Of course my mother was always trying to put me in dresses. So there were constant fights over that. My mother (who’s 103 years old, by the way, and still totally with it) is a painter. She used to paint portraits. She had a Rollieflex and took pictures of her subjects. And me. So I have a lot of photographs of my being a tomboy. I used them as a source for my art. There are also some photos of me in dresses where I’m looking really squirmy. The emotion is totally different. You can see the conflict with my mother. Whereas when I was photographed as a tomboy, I was completely at ease and self-confident.
So back to the flannel shirt draped over the painting of Brooks and her clitoris. What’s its function?
It frames her. It is almost like a pair of wings, surrounding and protecting her. It is also a sign, the flannel signifying lesbian.
Unifying all the figures is the color red—rouging an aroused clit, the lips of a sensitive mouth, the erect nipples on a pair of compact breasts.
It is a circle. Your eye jumps from one little pink dot to another in a kind of circle. The colors pop out against the dark gray and black palette of the painting.
All true tomboys are defiant, confident in their bodies, intrepid, tender and brave.
Christina Schlesinger, “Romaine Brooks and Me,” 1994. Oil on canvas, 24″ x 30″.
And then there’s “Romaine Brooks and Me,” a self portrait reproducing the Peter figure as a plinthless bust. Or maybe a poster child. What’s that pattern at the top?
The pattern is the blue scalloped edge of an actual bed sheet. Bed – sex!
There are two figures in the painting. The scale of the two figures is different. On the left you have a large profile of the Peter/Romaine; opposite and smaller stands the figure of a woman, arms crossed over a white T-shirt. She’s strong, lean, muscled. Fit. She stands confidently in mirrored blue shades with tousled hair and gazes straight at us. She’s cool. No hint that she’s an outsider. Except she’s nude from the waist down. It’s an unsettling effect similar to what I feel looking at the dildo paintings in the Tomboys series. I want to return her gaze but I can’t take my eyes off her crotch.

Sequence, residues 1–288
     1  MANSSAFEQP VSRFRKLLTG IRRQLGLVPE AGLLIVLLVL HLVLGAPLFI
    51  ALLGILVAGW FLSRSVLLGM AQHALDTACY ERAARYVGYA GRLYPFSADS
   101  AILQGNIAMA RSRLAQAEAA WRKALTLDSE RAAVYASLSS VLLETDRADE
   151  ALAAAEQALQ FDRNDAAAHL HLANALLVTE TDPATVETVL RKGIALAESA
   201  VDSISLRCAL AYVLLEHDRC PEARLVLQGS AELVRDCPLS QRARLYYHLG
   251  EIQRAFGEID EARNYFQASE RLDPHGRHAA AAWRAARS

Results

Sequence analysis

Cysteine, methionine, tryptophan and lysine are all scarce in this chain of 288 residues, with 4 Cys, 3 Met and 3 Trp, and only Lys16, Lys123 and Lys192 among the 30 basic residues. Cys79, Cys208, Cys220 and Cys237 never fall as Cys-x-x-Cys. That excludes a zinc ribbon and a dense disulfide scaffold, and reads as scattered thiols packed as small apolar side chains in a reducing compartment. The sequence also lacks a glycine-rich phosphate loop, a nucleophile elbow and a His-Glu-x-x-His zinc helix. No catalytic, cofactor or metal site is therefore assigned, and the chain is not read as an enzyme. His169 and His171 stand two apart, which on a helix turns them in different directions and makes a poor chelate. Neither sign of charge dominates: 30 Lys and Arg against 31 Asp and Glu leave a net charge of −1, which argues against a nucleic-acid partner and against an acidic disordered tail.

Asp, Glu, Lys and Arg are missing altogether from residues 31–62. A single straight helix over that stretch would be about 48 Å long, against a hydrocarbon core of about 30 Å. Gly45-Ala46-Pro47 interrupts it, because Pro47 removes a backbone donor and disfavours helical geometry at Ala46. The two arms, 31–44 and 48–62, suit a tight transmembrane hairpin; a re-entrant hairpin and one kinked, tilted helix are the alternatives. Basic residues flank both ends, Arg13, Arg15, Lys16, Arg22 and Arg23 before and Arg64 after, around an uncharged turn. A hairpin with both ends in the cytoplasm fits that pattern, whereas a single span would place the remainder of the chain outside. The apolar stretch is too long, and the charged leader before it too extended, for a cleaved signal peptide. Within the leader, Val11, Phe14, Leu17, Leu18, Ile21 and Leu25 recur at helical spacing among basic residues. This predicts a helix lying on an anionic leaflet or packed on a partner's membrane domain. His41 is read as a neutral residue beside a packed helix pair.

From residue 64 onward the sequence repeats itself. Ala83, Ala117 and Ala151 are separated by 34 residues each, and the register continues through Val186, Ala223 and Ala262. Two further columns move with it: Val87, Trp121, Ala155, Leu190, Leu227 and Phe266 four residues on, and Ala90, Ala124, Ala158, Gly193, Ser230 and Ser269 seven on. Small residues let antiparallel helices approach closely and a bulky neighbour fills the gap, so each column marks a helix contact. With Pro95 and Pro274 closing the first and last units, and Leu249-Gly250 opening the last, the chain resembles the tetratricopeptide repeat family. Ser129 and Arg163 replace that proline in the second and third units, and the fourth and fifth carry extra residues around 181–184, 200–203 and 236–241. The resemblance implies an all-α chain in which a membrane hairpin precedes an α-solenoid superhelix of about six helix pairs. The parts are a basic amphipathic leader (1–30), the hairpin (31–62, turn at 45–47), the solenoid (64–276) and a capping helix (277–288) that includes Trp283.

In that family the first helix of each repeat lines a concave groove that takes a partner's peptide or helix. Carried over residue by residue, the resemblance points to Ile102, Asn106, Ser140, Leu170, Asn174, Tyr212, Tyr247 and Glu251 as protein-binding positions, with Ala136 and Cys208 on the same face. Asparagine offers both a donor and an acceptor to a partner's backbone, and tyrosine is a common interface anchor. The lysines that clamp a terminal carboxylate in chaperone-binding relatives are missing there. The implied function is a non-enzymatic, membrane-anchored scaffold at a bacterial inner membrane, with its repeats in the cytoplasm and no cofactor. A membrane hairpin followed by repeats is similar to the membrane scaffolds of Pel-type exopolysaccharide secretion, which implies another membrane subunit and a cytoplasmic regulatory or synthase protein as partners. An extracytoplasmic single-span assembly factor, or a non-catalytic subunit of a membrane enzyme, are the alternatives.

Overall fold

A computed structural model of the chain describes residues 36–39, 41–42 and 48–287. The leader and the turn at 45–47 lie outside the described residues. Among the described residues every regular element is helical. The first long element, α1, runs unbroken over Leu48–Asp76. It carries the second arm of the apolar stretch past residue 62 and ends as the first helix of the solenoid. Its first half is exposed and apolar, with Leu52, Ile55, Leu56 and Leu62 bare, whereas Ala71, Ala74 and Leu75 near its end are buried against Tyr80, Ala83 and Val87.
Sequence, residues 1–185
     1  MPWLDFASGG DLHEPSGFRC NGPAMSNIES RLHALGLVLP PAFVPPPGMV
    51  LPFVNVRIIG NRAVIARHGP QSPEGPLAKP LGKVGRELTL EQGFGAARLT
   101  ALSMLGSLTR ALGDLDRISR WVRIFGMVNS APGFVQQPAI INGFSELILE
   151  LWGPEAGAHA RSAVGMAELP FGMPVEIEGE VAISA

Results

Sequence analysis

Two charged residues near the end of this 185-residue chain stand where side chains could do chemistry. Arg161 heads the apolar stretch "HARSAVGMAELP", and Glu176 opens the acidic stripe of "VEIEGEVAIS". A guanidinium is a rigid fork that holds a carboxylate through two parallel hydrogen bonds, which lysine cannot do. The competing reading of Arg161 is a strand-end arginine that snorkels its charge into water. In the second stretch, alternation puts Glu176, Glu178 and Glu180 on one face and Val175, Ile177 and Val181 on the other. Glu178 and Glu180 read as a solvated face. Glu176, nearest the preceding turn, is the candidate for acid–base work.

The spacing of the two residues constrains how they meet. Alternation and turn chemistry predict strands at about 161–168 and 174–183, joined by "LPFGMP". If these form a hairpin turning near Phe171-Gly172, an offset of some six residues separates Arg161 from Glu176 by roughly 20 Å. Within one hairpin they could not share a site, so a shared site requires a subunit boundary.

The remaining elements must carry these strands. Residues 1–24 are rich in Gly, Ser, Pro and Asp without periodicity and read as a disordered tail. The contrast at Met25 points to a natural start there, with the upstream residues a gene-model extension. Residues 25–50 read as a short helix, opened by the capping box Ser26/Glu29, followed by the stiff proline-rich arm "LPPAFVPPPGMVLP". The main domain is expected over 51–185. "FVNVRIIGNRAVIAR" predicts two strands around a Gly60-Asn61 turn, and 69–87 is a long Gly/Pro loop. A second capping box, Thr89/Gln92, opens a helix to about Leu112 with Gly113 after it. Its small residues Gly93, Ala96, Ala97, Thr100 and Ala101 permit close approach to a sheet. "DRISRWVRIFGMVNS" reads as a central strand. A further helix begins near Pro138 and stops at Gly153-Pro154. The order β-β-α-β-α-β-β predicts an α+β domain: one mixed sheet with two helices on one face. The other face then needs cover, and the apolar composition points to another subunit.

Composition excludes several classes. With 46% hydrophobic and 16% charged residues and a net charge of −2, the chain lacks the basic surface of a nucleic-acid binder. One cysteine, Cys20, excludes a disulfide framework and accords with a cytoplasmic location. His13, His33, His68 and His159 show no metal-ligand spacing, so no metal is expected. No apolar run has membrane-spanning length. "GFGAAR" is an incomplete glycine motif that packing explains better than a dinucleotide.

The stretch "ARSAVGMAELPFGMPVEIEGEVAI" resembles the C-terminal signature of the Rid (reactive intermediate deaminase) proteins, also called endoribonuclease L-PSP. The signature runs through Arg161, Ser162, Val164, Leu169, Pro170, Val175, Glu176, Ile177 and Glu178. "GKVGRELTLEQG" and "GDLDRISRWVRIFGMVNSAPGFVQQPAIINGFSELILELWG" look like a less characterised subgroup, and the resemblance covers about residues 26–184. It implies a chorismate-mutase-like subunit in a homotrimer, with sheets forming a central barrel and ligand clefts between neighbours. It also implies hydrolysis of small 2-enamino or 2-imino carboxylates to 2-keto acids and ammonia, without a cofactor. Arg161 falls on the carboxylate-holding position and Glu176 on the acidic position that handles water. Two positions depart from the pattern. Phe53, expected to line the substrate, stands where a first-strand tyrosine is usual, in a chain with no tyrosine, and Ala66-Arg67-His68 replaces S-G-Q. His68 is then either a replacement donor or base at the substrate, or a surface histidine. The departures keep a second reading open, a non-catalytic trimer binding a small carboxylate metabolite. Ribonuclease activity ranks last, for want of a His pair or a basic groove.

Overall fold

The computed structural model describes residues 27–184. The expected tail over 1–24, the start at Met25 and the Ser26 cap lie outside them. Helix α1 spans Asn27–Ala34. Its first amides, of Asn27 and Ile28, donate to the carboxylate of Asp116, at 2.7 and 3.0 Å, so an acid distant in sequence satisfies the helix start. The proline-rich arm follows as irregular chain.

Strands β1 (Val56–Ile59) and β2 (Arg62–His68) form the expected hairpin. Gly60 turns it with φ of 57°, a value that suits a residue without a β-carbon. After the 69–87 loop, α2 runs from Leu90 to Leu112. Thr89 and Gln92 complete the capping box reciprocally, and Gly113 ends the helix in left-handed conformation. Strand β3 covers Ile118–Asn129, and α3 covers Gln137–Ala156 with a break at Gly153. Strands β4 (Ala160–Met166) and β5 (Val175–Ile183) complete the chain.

That’s me. The arms crossed in front—most of the tomboy paintings have that posture. Defiance and confidence.
Complete the sentence: “All true tomboys _________________.”
All true tomboys are defiant, confident in their bodies, intrepid, tender and brave.
What do you hope to learn from the new biography of Brooks?
Anything new that can illuminate her life will be very interesting. I’ve never really understood her drawings that well. I’m kind of curious about those.
I’m hungry for information. You know, “All True Tomboys” was exhibited in New York’s Gay and Lesbian Museum that hardly ever shows lesbians. I’m interested in writing something on lesbian sensibility and lesbian aesthetics. You have to begin with Romaine Brooks. Unless you go back to the Fontainebleau sisters.
Unknown artist, “Gabrielle d’Etrées et une de ses soeurs, duchesse de Villars” c. 1594. Oil on canvas, 37.7″ x 49.2″. Musée du Louvre, Paris, France.
That naughty picture of Gabrielle d’Estrées and her sister? With like the Heat Miser and Snow Miser hairdos? Big in the 16th century I guess. I know that one. They’re playing in the bath. And I know just what they’re playing in the bath. Anonymous artist. Fontainebleau school.
So: lesbian aesthetics and the history of lesbian sensibility in Western art. Apart from antiquity. Would you include Courbet?
I suppose you could put Courbet in there, of course. And Toulouse-Lautrec. But those are men.
For lesbian aesthetics do you need a lesbian artist?
I think so. Certainly there are men who can appreciate lesbians and make art about them but they are really only observers, even if very gifted ones. A lesbian paints from her experience as a woman and a lover of women.
What about Gluck? British painter Hanna Gluckstein. Great biography by Diana Souhami. Gluck is Peter.
Gluck is Peter? I had no idea.
I’ve always wanted to see Gluck’s portrait of Romaine. The one she never finished, after Romaine quit sitting. What do you think it looked like?
I would be very intrigued to see Gluck’s portrait of Romaine. I understand that it was not finished because Romaine didn’t like it, which makes the story even more intriguing. What didn’t she like about it? Did Gluck see something in Romaine that Romaine didn’t want seen? Was there an issue of privacy? Of being invaded in some way? Maybe it was too revealing. Romaine’s self portraits have veiled qualities. She’s kind of masked and enigmatic. I see Romaine as a very private, almost hidden person. Maybe she was being revealed in a way she found to be uncomfortable.
Up to now, I’ve been completely entranced with the Peter figure. I was so attracted to this image. I had no idea of the back story. This is a whole new avenue for me to go down. This is more hidden history. You just want to keep filling it in. I’m totally inspired. Entranced.
Romaine Brooks, “Peter, a Young English Girl,” 1923-24. Oil on canvas, 36-1/8″ x 24-1/2″.
Christina Schlesinger’s new work will hang in the group show “Figuring Abstraction.” It runs September 26-October 11 at Westbeth Gallery, 55 Bethune Street, New York. More about the show at www.westbeth.org
All images copyright © Christina Schlesinger and reproduced with permission. All rights reserved. It is unlawful to reproduce or store these images on electronic media without the written permission of Christina Schlesinger.